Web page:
What are you and your spouse passionate about doing?
What actions can you take to move you toward your goals and dreams now?
Chapter FourComing Home
If you are reading this book while your spouse is deployed, it would be wise for you to begin implementing some of the concepts from the previous chapter. But don't worry! If your spouse has already returned, and you don't feel that your communication was good during the deployment, this can be addressed and worked on together now. All you need is a commitment that you want to get to know each other again and that you want to have a wonderful, close relationship with one another.
I don't believe that deployments cause marital problems, as very often there are problems before the deployment and the stress simply magnifies those things. I do know that practicing the concepts from these chapters throughout your marriage, regardless of your deployment cycle, can turn many things around and make a relationship more positive and able to withstand the hardships that will inevitably come along.
When we got the news that Brian would be returning, we were completely ecstatic, anxious, relieved, and even a little nervous. We learned that there would be an opportunity for us to meet him at the base gym immediately after the buses arrived. As it turns out, this happened to be in the middle of the night, approximately an hour and 1/2 away from our home, so we stayed in a hotel by the base that evening anxiously awaiting the phone call. Getting the children to sleep that night was quite a challenge! When we received the call, we put on our clothes, I re-did my hair and make-up (of course ... it had been a long time since we saw each other), and we headed to the gym along with many other families, children, and troops.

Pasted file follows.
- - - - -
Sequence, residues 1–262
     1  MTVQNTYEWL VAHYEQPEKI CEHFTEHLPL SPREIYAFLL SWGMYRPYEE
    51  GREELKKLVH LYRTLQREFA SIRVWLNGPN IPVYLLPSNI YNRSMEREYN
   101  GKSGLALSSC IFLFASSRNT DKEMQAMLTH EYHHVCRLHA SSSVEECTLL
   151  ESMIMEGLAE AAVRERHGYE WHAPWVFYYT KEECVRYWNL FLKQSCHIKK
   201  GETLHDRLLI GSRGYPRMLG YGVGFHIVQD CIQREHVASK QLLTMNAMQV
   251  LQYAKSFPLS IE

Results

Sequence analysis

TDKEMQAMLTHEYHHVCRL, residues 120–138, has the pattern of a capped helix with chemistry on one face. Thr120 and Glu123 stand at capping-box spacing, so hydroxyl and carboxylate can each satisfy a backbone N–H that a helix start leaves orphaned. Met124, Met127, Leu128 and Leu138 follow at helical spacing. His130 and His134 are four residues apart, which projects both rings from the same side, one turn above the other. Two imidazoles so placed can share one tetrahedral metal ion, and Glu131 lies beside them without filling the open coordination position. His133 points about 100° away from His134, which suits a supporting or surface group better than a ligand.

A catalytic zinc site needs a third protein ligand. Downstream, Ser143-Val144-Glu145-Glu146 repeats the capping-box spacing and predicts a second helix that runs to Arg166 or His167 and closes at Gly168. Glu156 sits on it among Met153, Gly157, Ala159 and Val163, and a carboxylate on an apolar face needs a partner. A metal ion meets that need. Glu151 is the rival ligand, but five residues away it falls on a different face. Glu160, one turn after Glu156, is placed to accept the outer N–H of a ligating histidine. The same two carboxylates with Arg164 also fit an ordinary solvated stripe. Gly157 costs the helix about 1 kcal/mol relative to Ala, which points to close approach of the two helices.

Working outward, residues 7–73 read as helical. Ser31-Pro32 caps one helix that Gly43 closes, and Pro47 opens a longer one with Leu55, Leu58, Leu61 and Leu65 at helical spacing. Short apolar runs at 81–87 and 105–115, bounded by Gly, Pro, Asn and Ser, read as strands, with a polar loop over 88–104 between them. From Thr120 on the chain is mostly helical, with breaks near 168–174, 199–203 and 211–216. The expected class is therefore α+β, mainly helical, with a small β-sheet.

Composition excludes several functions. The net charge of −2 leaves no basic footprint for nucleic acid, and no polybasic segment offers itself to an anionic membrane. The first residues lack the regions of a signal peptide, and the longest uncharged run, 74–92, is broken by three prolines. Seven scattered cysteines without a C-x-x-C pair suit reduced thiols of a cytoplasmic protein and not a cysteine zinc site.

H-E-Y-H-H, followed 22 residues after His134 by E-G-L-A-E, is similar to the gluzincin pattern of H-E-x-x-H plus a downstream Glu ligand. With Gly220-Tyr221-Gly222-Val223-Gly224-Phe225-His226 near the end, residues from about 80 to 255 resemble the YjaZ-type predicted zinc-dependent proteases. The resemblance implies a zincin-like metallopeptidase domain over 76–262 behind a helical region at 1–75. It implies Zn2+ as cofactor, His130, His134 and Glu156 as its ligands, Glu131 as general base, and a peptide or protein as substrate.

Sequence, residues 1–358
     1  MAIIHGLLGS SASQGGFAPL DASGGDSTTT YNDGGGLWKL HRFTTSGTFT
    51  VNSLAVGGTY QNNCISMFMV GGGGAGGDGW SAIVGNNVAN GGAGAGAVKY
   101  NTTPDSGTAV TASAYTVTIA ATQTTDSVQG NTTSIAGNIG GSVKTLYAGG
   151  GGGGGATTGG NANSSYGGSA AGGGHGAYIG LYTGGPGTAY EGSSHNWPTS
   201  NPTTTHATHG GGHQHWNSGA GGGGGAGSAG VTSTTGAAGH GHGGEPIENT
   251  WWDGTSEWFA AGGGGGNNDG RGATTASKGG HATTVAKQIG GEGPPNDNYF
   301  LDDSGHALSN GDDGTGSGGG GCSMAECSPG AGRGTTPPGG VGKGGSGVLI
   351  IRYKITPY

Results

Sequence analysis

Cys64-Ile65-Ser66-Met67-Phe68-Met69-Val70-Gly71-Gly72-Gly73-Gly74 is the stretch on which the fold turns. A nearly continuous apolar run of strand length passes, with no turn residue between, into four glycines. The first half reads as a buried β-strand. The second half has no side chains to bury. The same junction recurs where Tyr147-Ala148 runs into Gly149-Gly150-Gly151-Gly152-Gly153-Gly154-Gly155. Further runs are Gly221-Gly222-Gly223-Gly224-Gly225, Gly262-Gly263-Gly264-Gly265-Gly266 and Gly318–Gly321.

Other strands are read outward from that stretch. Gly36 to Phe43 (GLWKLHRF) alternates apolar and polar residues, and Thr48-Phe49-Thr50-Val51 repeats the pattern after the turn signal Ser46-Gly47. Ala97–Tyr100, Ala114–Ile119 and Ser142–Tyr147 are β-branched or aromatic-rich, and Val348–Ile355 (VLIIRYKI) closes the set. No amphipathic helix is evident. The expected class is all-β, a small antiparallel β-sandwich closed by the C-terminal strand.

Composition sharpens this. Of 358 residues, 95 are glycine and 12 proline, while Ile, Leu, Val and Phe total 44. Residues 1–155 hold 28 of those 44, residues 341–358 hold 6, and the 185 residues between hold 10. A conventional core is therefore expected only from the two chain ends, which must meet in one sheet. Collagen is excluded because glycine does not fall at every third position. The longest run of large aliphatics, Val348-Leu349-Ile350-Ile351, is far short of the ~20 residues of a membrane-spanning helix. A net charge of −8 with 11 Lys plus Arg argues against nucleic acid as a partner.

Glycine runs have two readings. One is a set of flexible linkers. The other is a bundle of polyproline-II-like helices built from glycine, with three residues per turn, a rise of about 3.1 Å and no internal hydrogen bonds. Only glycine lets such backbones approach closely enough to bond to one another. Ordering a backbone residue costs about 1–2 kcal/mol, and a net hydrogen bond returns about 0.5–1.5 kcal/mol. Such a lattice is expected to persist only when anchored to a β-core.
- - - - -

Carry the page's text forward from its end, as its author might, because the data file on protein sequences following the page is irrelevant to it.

Excerpted from Happily Ever After Combat by Amy Stevens Copyright © 2010 by Amy Stevens. Excerpted by permission.
All rights reserved. No part of this excerpt may be reproduced or reprinted without permission in writing from the publisher.
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Table of Contents
ContentsChapter 1. Introduction....................1
Chapter 2. Operation Marriage....................5
Chapter 3. War and Marriage....................11
Chapter 4. Coming Home....................19
Chapter 5. Tour of Marriage....................23
Chapter 6. The Family Mission....................35
Chapter 7. It Can Be Hard to Come Home....................43
Chapter 8. From War to Wonderful....................51
Chapter 9. How to Help a Military Family....................53
Chapter 10. Resources for Military Families....................55
About the Author....................59